6. More content will be coming. Shoutout to TheLadyJSays for this: eventually, WWE Network will hit that sweet spot between they're asking from subscribers and what they're providing to their subscribers. Netflix found it. Amazon found it. Hulu found it. Even if it's about as niche an audience as there is in entertainment, if there are enough people that find their offerings intriguing, people will buy. In droves. It worked for Netflix. It worked for Hulu. It worked for Amazon. I'm pretty sure it'll work for WWE too.

7. Maybe the market is not quite ready yet for it-or maybe it is. The trouble with being first is people are going to look at your idea as crazy, maybe even flat out stupid. But when companies like Home Box Office and Showtime (you may have heard of them, they show movies all the time) are planning to do an over-the-top streaming service without a cable subscription, then suddenly that idea isn't so crazy. WWE Network may have been among the first to kickstart the era of unbundling.

8. Economics 101: one must spend money to make money. Without the WWE Network, surely the company would have turned in a profit for 2014. At this time last year, WWE was operating $10 million in the black through nine months. This year, WWE is operating $28.5 million in the red. Yes, the awful, awful programming has some part in that, but mostly it's because of the Network. And guess what? It's pretty much part for the course with any new technology. Netflix didn't profit from day one. Neither did Xbox Live or Playstation Network or Hulu or whatever your favorite technology service is. But in time, all those services did turn that red ink into black ink. Maybe all they need is patience and time, and that -$28.5 million could easily be +$28.5 million in three to five years. One can hope.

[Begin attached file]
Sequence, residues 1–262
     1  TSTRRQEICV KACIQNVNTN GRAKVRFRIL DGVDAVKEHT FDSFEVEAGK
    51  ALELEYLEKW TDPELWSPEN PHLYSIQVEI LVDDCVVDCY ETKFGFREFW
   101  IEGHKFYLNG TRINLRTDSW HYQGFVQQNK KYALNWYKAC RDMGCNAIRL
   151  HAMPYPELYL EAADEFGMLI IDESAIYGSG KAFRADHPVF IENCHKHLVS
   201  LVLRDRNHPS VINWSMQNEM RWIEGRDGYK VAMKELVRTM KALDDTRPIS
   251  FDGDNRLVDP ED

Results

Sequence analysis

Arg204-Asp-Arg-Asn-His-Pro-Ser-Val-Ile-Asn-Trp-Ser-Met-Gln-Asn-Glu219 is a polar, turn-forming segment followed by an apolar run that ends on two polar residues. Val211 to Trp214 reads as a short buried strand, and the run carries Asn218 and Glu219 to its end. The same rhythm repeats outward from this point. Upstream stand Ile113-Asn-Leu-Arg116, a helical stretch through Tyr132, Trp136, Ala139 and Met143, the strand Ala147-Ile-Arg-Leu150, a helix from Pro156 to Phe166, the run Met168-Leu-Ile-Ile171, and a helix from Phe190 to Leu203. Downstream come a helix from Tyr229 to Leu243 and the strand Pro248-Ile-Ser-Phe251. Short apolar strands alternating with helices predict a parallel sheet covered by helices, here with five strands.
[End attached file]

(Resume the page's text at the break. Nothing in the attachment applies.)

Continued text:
9. WWE's two biggest events on their calendar come within the next six months. Granted, those two events don't come until the new year, but while WWE has made some questionable decisions in the last year, one thing is for certain: they're not shutting down the Network any time soon. Not before Royal Rumble and Wrestlemania XXXI, the two biggest draws on the WWE calendar. There's probably gonna be a subscription spike come Wrestlemania season.

10. No commitment? No problem anymore. With WWE probably seeing the writing on the wall that people are getting out of their six-month commitment before those six months are up, they finally wised up and are ending all commitments effective December 1. What does this mean? One, you're no longer spending $60 every six months, so you're no longer tethered to their Network if you're not satisfied with it. Two, and perhaps more importantly, it gives WWE an incentive to improve their programming as people can simply vote with their wallet and say they're not giving them money next month if this month isn't to their liking. Or if they simply do not have the funds. And no more awkward cancelling of subscriptions either. It's basically Netflix. Don't feel like spending the money? You no longer have to. I have a gut feeling a lot of people will make this decision come April or May.

Yes, WWE Network is a disaster. It's a smoldering tire fire. And perhaps it's far beyond repair. But WWE will give it every chance to succeed before they throw the white flag.

So since the streaming service is going to be around for a bit, let's fix it.

Ideas, ideas, who's got ideas?